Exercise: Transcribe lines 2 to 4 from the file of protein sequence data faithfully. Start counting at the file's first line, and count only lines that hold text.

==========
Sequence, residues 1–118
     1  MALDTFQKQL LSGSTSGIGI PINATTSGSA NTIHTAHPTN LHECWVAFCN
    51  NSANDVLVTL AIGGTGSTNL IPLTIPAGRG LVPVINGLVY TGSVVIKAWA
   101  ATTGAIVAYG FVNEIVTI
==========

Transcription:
     1  MALDTFQKQL LSGSTSGIGI PINATTSGSA NTIHTAHPTN LHECWVAFCN
    51  NSANDVLVTL AIGGTGSTNL IPLTIPAGRG LVPVINGLVY TGSVVIKAWA
   101  ATTGAIVAYG FVNEIVTI